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Re: [Gnosticism2] Re: Science/Mythology

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  • Paul Kieniewicz
    Belatedly, thank you Cari for your reply and for the interesting link to the article on metaphors . I accept your points, that scientists are not objective
    Message 1 of 10 , Nov 26, 2003
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      Belatedly, thank you Cari for your reply and for the interesting link to the article on "metaphors". I accept your points, that scientists are not objective beings. Certainly they are conditioned by belief systems and those do enter into their research (the male vs female IQ a case in point). Religous conditioning also enters in --- the Darwinian universe being a strong (atheistic) reaction to the religous ethos of the 19th century.
       
      Another aspect of the issue is the extend to which modern myths come in scientific trappings, because that is what our minds relate to today. Flying Saucers and the Matrix come to mind. BTW, the" Matrix," and the expression "cyberspace" first appeared in the 1980's in William Gibson's novel, "Neuromancer" --- quite a wild book that also contains gnostic elements.
       
      Paul
       

      lady_caritas <no_reply@yahoogroups.com> wrote:
      --- In gnosticism2@yahoogroups.com, Paul Kieniewicz <paulmmk@y...>
      wrote:

      >>I'm afraid I  take issue with Mr. Fiedler's thesis that the
      scientific endeavour is mythological or influenced by "mythological
      constructs".<<

      Well, Dr. Fideler does mention (_Gnosis_, Spring, 1991, page 6-7)
      that "history has shown how strongly science itself is *influenced*
      by mythological constructs."  So, Paul, I suppose it might help to
      define what "mythological" means in this instance.  Unfortunately Dr.
      Fideler isn't here to clarify, but I could take that to simply
      mean  "lacking factual basis or historical validity" (Webster) or
      even "relating to mythology,"... relating to "the body of stories
      associated with a culture or institution or person." (Webster) 
      Actually, the other letter I quoted from V. F. Vogt also included a
      few examples of mythology affecting theories in the nineteenth and
      twentieth centuries; for instance, anthropologists in the 1880's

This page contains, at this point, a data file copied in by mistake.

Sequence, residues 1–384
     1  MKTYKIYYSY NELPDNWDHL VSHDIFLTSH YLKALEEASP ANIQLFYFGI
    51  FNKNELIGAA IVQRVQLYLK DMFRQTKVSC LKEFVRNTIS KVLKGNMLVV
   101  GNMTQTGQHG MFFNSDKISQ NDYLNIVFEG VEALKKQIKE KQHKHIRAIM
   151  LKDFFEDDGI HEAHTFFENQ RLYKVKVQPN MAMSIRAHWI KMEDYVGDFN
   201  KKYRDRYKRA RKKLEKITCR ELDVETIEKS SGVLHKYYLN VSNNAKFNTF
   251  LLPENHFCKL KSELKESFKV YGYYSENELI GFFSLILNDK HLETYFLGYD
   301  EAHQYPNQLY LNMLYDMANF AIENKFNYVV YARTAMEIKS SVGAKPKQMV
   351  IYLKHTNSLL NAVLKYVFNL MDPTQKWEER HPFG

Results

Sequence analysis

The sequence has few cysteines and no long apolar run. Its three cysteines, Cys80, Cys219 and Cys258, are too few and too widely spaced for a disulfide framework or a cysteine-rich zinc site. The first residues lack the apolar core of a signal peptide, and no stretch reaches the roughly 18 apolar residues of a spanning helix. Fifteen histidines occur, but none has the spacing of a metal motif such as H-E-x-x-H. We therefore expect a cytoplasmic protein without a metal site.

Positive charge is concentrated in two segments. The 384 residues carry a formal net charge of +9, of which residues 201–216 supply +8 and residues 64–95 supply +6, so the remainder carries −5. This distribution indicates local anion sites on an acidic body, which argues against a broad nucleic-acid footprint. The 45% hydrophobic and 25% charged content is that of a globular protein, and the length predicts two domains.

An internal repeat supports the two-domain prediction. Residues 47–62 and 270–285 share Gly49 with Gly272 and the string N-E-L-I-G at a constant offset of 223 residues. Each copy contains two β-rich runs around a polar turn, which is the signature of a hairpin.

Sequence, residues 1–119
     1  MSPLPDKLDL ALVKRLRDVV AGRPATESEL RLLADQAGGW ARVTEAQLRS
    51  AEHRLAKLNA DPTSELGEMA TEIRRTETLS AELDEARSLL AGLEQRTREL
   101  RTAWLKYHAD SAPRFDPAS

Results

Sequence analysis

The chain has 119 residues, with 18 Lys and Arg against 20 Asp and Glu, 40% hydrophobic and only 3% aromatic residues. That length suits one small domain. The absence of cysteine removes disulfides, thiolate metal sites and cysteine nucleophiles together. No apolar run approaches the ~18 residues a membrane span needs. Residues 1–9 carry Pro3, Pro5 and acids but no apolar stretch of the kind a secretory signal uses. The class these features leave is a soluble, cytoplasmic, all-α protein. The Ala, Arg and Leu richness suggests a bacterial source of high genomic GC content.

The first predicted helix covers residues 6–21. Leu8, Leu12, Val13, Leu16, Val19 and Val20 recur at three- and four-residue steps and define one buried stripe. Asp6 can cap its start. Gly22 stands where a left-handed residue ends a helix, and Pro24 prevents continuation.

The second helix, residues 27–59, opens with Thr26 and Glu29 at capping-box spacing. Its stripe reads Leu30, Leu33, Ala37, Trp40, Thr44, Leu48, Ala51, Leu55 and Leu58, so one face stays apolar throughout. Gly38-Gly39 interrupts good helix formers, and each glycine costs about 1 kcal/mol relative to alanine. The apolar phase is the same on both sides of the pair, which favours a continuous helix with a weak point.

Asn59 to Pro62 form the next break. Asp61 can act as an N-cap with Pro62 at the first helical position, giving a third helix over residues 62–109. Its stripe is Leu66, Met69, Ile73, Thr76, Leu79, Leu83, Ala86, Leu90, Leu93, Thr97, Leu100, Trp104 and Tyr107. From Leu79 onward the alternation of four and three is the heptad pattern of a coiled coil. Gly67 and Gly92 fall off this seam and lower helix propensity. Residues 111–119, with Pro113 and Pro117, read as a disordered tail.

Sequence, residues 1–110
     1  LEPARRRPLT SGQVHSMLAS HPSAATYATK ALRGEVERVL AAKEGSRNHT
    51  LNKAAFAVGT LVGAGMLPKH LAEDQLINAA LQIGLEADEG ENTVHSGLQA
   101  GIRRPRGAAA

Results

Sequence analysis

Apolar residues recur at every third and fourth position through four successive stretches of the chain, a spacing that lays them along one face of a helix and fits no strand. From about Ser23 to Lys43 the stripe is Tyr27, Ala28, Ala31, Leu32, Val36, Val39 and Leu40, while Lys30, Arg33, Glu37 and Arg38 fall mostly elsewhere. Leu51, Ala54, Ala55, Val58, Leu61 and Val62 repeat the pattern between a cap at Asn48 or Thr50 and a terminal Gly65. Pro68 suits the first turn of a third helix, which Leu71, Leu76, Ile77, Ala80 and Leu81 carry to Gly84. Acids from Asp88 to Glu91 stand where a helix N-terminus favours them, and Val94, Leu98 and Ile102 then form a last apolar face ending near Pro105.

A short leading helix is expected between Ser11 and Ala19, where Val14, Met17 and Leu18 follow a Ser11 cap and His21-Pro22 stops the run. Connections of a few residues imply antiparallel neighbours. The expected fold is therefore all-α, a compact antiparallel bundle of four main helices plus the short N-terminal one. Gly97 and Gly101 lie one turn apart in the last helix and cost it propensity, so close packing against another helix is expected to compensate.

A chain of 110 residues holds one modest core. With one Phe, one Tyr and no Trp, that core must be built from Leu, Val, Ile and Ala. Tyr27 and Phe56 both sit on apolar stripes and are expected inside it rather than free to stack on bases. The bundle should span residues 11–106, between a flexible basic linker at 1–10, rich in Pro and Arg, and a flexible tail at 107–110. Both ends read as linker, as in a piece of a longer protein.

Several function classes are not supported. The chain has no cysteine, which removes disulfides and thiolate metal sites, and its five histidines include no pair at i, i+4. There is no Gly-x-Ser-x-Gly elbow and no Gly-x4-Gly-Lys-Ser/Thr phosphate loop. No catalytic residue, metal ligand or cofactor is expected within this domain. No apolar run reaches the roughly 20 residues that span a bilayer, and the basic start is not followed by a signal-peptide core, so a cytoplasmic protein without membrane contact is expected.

creating evidence to classify races and one even circulating a
      pamphlet about women's brains being "soft as their bodies, so they
      could not comprehend the principles of higher learning."  Vogt
      acknowledges that scientists might say that  "anthropological
      theories have been revised in the last twenty years because science
      is open to new evidence."  He, however, suggests that "the revision
      is because racism and sexism are no longer politically popular." 

      Perhaps the truth lies somewhere in the middle.  And some might point
      to these as extreme examples; however, David Fideler's premise is
      that to view science as only objective reality and religious
      cosmologies as only a subjective phenomenon is "crass and
      reductive."  OTOH, yes, the scientific _method_ is largely empirical
      and rational, but there is still a subjective element because not
      only religious knowledge, but also scientific knowledge is "rooted in
      the principle of consciousness."  He further states, "Yet Ted's
      argument implies that consciousness is a subjective phenomenon, while
      science offers objective truth.  Stated this way, the fallacy becomes
      obvious, for if consciousness itself did not possess the means of
      determining objective truth, both scientific insight and technology
      could not exist.  If consciousness can grasp eternal, objective
      truths (for example in mathematics and physics), the principle of
      consciousness must have something in common with its objects of
      inquiry.  Insofar as the scientific method (with its claims for
      objective, universal knowledge) is rooted in the principle of
      consciousness, science implicitly accepts the premise that
      consciousness itself is an objective, universal phenomenon, and that
      its insights are not limited by time or place.  All of a sudden, the
      underlying principle of rational science is starting to sound pretty
      mystical."

      Indeed, some view science as largely metaphoric:
      http://www.scientificexploration.org/jse/articles/jahn1/7.html

      That is not to say that science and religion are the same.  Science
      is primarily concerned with physical reality.  Gerry, in his post
      #8674 mentions, "It seems foolhardy to look to one discipline to
      prove the tenets of another, but that doesn't mean that one cannot
      independently complement another."

      And, I would add in agreement with Fideler that different disciplines
      of learning *should* work together in contributing "something to a